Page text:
Switching from WinXP

DJIceT

Registered
Hi all,

I'm ready to buy a new apple computer anytime now, but just one question remain: How would i work with sharing files between windows and mac os using an External usb Hard Drive?

Would i have to format the hard drive as fat32 for compatibility or is there no way.

I heard about FileMaker that can convert formats then you can share your documents, but what about movies (avi, mpeg, etc) and music mp3s?

Because I want to get a powerbook for my personal use, but my school uses windows. so i would like to know if there is a way to share the files on both platforms

thanks
 

symphonix

Scratch & Sniff Committee
How would i work with sharing files between windows and mac os using an External usb Hard Drive?
Format the drive using either FAT16 or FAT32 from the mac by using /Applications/Utilities/Disk Utility. Easy as that. :)

movies (avi, mpeg, etc) and music mp3s?
These file formats are independent of platform. An Mp3 on a Mac is the same as an Mp3 on a PC. You can do exactly the same things with them.

Because I want to get a powerbook for my personal use, but my school uses windows. so i would like to know if there is a way to share the files on both platforms
Using your USB hard drive: no problems at all.
Using network: You can setup to share files by Windows File Sharing on the Mac (Apple Menu --> System Preference --> Sharing --> Tick the box "Windows File Sharing") and can access Windows share drives easily (From the Finder choose Go --> Connect to Server and you can browse Windows shares).

Hope this sets your mind at ease. :)
 

Lt Major Burns

"Dicky" Charlteston-Burns
subnote - if the HDD is currently in NTFS, and you need those files, MacOS can read NTFS, just not write NTFS, so it basically acts like a massive cd-rom. backup those files, then format to fat32.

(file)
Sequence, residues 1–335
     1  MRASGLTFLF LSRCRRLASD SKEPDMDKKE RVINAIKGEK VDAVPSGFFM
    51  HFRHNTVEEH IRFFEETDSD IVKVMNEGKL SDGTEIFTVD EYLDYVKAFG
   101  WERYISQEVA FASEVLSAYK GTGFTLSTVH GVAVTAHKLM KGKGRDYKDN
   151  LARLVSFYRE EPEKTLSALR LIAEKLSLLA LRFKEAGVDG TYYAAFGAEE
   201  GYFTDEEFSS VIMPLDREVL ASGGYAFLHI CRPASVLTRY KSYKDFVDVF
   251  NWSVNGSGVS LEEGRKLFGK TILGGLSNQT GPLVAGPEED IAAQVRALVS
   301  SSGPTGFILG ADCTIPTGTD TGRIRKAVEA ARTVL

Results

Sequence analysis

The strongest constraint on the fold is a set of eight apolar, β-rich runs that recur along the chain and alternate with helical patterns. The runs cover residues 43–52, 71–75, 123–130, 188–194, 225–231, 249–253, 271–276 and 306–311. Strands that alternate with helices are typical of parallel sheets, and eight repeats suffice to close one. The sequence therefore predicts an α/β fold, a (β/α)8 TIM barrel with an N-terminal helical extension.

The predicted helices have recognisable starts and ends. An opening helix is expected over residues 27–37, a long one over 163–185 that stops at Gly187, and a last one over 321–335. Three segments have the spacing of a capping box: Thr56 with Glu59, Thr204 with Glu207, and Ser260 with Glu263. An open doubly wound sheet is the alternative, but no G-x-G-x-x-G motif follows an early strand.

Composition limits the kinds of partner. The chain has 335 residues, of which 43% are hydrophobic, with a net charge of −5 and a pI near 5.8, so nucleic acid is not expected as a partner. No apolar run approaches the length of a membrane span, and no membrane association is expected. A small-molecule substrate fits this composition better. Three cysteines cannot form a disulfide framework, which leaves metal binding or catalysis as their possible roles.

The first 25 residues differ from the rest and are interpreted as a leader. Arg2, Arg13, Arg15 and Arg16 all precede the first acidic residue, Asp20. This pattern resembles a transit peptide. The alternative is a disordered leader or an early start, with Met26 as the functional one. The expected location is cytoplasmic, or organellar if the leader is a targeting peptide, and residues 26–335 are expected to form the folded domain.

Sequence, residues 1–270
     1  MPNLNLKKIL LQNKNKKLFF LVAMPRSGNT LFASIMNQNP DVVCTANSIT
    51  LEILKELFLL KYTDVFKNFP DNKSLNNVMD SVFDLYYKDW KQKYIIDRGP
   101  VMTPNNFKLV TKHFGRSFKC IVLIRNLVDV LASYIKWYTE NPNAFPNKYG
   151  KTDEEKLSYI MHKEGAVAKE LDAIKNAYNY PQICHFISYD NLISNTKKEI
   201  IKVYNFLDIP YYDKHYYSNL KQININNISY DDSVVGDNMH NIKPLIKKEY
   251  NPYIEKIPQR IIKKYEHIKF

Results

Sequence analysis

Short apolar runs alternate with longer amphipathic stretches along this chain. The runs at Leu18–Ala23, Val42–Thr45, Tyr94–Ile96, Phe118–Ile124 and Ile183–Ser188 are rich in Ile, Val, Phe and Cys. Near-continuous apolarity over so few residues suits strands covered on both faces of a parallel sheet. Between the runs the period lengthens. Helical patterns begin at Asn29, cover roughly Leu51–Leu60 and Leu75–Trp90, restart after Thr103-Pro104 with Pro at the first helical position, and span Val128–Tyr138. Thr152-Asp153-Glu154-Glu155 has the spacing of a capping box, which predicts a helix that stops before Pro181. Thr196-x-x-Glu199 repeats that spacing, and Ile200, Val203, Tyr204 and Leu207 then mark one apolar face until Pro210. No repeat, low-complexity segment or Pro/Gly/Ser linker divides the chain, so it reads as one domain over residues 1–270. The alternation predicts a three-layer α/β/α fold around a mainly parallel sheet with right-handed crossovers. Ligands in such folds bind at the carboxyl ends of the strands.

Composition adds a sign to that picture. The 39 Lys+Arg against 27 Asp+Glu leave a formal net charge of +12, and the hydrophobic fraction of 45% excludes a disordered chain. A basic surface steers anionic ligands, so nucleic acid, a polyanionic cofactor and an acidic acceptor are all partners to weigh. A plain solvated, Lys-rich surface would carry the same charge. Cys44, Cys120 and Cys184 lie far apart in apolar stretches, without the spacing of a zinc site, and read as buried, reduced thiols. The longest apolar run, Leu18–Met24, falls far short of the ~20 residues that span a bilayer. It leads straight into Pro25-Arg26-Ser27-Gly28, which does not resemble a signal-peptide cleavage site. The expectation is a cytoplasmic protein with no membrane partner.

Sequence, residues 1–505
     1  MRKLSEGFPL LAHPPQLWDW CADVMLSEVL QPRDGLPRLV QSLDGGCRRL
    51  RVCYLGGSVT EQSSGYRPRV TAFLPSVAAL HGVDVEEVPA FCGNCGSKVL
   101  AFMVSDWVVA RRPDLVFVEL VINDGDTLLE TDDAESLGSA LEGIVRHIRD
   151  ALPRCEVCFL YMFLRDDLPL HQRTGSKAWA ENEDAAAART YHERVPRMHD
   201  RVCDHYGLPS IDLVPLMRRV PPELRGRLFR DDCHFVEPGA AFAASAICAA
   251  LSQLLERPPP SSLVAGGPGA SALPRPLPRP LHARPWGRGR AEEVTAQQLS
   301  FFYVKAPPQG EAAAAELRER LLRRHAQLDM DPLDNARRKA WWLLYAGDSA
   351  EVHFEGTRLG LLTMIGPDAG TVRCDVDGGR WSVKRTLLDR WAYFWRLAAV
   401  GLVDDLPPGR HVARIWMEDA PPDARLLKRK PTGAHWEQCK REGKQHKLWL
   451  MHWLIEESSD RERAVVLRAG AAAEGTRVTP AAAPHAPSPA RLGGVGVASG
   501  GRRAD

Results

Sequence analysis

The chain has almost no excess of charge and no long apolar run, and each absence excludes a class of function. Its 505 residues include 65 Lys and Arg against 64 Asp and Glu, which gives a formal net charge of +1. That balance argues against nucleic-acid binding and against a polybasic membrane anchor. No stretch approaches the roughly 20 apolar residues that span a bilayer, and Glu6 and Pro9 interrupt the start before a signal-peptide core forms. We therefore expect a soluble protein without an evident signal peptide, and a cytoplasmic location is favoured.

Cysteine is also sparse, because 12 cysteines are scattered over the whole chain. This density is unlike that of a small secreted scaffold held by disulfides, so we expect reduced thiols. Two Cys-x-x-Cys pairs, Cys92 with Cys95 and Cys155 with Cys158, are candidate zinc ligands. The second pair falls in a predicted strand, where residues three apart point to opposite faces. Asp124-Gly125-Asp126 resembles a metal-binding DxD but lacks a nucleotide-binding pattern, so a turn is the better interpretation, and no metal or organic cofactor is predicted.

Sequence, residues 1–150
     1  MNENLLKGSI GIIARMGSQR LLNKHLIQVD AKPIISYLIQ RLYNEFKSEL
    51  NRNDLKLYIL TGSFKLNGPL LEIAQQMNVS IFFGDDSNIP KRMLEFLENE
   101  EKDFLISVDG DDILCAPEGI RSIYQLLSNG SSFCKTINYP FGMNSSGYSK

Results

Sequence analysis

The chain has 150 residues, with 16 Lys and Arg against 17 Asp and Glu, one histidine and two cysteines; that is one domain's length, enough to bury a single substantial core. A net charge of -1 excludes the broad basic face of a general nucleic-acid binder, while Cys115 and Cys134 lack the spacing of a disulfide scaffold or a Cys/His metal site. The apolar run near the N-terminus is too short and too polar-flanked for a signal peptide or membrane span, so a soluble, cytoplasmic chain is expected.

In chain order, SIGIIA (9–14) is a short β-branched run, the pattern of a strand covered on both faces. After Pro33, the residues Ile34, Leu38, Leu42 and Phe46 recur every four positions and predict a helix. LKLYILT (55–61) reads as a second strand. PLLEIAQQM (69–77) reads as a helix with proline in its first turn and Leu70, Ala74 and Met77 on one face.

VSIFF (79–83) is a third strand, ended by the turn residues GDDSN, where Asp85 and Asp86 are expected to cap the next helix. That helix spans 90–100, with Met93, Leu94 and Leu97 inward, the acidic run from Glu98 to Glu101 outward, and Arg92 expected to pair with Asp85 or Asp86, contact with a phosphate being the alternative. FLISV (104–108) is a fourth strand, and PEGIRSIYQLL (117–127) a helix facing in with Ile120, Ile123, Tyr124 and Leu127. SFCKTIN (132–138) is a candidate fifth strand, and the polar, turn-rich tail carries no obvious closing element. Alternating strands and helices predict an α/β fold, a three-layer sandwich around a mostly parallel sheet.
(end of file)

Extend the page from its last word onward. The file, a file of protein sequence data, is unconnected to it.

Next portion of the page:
DJIceT

Registered
Thanks for the replies guys, i feel more confident about switching now :D

i just lost alot of gb os files on my 250gb hard drive running xp, but not worth the trouble to recover them using OnTrack EasyRecovery, so i will format my other 120gb hard drive currently running Mandrake 10.1 (my full-time os), and then put xp on it.

So i can now use my 250gb hdd and buy an external drive enclosure, then i'll be all set. :)

just saving up now. i hope that by the time i actually buy a powerbook, they won't already have started production with intel processors heh

goodnight
 

DJIceT

Registered
sorry about the mp3 part
what i wanted to ask was movie codecs
like divx, xvid, aac, etc etc, if it's possible to import those as well for the mac. like for linux there is a w32codecs pack available to emulate the windows video&sound codecs
 

symphonix

Scratch & Sniff Committee
Yes. I think of all the media formats out there, less than 1% don't have a codec available for mac somewhere.
Start by installing VLC, MPlayer, RealPlayer, XVid or DivX codec and MS Windows Media Player for Mac (yes, thats what its called) and you will have almost every possible format covered.
 

DJIceT

Registered
another question:
i should be able to install linux applications on mac os x right? as long as i get the ppc version of it?
i heard some will work, some won't
 

ElDiabloConCaca

U.S.D.A. Prime
You cannot install Linux applications on the Mac OS X, even if they were PPC versions of the Linux software. You can, however, compile the source files on your Mac and they will work (with some tweaks, of course). It's the same reason you can't take an application that runs under Linux for x86/Intel and just run it on Windows, even though they use the same processor -- it's still two, separate, different operating systems.